(1) the human species is very likely to go extinct before reaching a “posthuman” stage;
(2) any posthuman civilization is extremely unlikely to run a significant number of simulations of their evolutionary history (or variations thereof);
(3) we are almost certainly living in a computer simulation. It follows that the belief that there is a significant chance that we will one day become posthumans who run ancestor-simulations is false, unless we are currently living in a simulation.
I’ve bolded the important part of #3. This is a common belief in the simulation hypothesis, something I’ve previously called tiresome (and it still is). He uses the word “certain” in the video and a few other videos I’ve seen in the last year also said certain. Or nearly certain. He’s very proud of this belief and I suppose a lot of people have come along and pat him on the back about it.
But for me there is a major problem with this hypothesis and (as usual) it stems from hubris. While he does mention nested simulations the implied meaning of most of this discussion is that we are one of many simulations that have been made by some advanced civilization. This stems from the desire for us to be “special”. Our creator must be “real”.
But here is the problem with the hypothesis. There is no reason at all that it would not equally apply to our creator. It would also apply to their creator. It would apply to that creator’s creator as well! What you have is a chain of creation that is infinitely long.
Oddly relevant image…
There is only one thing we know for certain in this infinitely long chain. Somewhere along this infinitely long chain we are the end of a branching link. Much like evolution we are at the end of one particular branch and we have yet to splice out and make branches of our own. This doesn’t really matter too much but it helps put things into a bit of perspective.
There exists “above” us an infinitely long chain (that’s fun to say) that we are postulating is full of nothing but peaceful, friendly, deeply interested and devoted civilizations. Not a single one is currently annihilating itself, not a single one has turned off its simulation, not a single one has had a system failure.
Think of it like flipping a coin. Lets say that as long as the coin lands on head we are resting beneath infinitely many peaceful links in the chain. Not a single one has annihilated itself. But a single tails and we are doomed instantly. Also keep in mind that no matter how far up the chain we go there are still infinitely many civilizations simulating civilizations above them.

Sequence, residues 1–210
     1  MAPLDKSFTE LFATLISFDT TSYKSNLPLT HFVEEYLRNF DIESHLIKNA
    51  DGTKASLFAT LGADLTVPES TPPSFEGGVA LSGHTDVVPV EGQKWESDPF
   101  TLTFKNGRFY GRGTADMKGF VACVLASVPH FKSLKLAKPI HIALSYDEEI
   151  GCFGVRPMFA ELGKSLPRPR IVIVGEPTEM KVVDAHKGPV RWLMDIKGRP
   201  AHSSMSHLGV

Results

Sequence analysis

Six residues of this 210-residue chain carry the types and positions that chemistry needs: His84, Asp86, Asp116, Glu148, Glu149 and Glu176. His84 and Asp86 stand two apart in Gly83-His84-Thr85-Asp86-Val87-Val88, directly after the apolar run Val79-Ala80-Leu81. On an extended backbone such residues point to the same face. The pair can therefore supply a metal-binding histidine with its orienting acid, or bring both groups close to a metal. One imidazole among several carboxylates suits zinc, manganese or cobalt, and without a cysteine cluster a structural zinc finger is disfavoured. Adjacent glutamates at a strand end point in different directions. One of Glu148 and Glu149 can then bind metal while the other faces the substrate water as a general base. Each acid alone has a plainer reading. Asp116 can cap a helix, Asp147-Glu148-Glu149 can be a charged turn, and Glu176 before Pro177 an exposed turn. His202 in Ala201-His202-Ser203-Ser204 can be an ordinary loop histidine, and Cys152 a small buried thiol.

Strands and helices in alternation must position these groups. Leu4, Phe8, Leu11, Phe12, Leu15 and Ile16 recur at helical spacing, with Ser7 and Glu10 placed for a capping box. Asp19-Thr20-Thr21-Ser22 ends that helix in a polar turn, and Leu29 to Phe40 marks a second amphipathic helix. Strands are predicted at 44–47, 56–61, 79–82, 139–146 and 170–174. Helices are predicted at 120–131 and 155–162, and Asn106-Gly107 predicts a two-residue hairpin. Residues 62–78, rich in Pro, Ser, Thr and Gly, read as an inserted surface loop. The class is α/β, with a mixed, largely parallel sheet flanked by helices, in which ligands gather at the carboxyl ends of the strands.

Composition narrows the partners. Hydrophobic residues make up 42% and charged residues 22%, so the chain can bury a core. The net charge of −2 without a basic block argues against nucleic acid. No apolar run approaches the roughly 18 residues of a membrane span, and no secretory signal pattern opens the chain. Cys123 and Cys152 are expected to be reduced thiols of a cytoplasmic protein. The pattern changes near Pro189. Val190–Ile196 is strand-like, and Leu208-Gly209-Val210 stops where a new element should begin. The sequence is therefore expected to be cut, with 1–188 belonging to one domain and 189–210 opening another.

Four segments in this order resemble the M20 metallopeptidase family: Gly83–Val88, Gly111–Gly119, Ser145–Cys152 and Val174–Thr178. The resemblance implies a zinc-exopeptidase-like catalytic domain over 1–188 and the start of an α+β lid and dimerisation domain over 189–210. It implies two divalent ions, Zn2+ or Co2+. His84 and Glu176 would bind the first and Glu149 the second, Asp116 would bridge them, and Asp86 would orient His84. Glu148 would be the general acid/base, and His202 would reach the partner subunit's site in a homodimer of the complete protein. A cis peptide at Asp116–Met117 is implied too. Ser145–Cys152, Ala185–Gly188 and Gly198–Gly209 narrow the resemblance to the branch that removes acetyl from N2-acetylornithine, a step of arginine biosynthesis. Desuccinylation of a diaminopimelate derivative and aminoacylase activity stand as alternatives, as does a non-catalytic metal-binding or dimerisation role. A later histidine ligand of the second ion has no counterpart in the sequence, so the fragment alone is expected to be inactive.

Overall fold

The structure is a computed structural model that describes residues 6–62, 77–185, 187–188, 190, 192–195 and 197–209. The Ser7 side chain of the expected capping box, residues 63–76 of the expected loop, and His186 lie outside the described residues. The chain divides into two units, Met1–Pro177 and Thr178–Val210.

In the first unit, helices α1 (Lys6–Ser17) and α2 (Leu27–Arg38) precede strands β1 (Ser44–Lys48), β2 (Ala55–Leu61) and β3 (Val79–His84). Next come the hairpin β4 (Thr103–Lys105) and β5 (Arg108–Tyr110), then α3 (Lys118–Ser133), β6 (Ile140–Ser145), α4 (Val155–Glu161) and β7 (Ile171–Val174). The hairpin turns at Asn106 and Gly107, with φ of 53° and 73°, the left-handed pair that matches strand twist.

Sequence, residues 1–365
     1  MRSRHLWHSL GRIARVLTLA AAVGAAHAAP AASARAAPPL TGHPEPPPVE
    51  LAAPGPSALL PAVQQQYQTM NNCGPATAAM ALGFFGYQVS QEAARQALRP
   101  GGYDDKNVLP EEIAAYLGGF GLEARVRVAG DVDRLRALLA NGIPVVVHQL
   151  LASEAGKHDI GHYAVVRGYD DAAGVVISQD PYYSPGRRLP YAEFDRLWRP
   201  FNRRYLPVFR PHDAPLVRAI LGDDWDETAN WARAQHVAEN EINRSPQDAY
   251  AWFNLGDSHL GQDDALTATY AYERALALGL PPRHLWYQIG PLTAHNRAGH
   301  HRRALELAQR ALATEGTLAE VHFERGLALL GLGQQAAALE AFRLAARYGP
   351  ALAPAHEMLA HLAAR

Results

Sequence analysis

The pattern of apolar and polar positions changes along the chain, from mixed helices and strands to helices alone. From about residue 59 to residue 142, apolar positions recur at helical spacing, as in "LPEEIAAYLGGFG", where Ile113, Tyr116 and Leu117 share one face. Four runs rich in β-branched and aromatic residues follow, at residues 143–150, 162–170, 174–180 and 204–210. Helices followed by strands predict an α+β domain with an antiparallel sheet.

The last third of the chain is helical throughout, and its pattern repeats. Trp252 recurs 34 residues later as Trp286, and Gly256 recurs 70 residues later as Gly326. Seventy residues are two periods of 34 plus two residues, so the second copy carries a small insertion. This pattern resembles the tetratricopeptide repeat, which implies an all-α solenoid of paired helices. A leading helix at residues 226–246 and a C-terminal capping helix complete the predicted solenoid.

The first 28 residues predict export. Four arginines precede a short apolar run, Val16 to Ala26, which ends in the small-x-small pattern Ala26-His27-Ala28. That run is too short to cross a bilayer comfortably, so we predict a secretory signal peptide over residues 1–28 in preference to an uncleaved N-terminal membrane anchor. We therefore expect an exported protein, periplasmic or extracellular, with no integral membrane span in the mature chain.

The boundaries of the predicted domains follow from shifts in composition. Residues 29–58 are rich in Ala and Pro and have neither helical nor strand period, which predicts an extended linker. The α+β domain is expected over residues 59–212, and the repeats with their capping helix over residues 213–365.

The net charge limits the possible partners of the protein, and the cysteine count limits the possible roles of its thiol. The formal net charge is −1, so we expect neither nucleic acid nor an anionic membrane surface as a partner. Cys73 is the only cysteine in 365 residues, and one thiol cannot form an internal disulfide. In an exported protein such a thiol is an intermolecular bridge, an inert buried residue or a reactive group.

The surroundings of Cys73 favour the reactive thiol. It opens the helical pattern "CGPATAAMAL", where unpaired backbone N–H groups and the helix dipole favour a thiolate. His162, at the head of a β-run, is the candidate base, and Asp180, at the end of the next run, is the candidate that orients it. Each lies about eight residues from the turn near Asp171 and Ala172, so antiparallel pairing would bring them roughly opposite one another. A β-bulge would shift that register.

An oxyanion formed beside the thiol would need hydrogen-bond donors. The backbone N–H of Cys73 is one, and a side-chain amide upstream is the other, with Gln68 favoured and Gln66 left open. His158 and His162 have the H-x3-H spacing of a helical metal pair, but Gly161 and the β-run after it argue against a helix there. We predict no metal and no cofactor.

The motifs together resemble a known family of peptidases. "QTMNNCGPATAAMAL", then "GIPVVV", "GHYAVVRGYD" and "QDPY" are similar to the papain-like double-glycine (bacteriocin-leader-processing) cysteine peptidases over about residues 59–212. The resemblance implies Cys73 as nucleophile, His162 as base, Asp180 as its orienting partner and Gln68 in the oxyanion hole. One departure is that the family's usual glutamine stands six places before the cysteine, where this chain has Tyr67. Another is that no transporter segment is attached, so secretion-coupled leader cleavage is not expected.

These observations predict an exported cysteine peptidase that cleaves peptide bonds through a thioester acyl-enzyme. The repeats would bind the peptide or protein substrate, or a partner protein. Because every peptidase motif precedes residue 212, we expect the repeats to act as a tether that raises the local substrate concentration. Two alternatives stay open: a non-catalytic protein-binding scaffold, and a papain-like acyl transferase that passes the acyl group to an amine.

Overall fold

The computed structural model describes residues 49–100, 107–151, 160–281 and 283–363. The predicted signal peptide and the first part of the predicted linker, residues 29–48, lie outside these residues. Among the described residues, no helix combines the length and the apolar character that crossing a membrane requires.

(Image from: http://www.mathsisfun.com/calculus/limits-infinity.html)
You can’t technically divide by infinity. However the closer you get to infinity the closer it approaches 0. Effectively if the chain is infinitely long the chances that not a single civilization is not (or has not) annihilated itself is 0. Which means if we are in a simulation we are instantaneously doomed and you are not reading this. Which sucks because I enjoyed writing it.
But, you might argue (as my brilliant father-in-law did), what about time dilation wiggly wobblies? This is true, in video games we often speed up time by certain values because we want to get to the “good parts” quicker. The Flash in comics has even said before they for other people his 90 hours of work seem instantaneous but for him it feels like 90 hours of work.
(Googling Flash is not really SFW in many cases)
We return to my previous point about infinity. Planck time is the shortest possible unit of time. It has to do with the planck length and the speed of light. There is no reason to assume that time acts differently in the universes above us (doing so requires again, a bit of hubris) and we can safely assume that they too divide into finite units of time. With this in mind even if you divided time into its smallest possible parts you would still be hit with the problem that with infinitely many nesting simulations one at this very instant is annihilating itself.
This all comes back in some fashion to an idea like Drake’s equation and the hypothesis of how likely it is that there are other intelligent life in the galaxy. I am formulating my own which effectively takes the same idea but postulates how likely it is with infinitely many highly advanced civilizations how likely is it that all of them would be peaceful and still exist.
It seems to me that the only possible way that we could be in a simulation is if the odds of a civilization making a simulation to this degree is incredibly unlikely. Because anything close to certainty creates a chain reaction that leads to it being effectively impossible that we are part of a civilization. Once you come back to the “it could happen” realm of possibility you are doing something closer to religion than to science.
This, and probably a dozen or more other reasons, is why I still find the Matrix theory to be tiresome and lazy. The only reason people postulate it is because they want to be the “first person” to have pointed it out if it were found to be true. This is the same reason people rush to say they were the first to hear the word of god, or see a miracle happen, or post on a YouTube video.
We find some value in firstness and we are willing to abandon rationality to obtain it.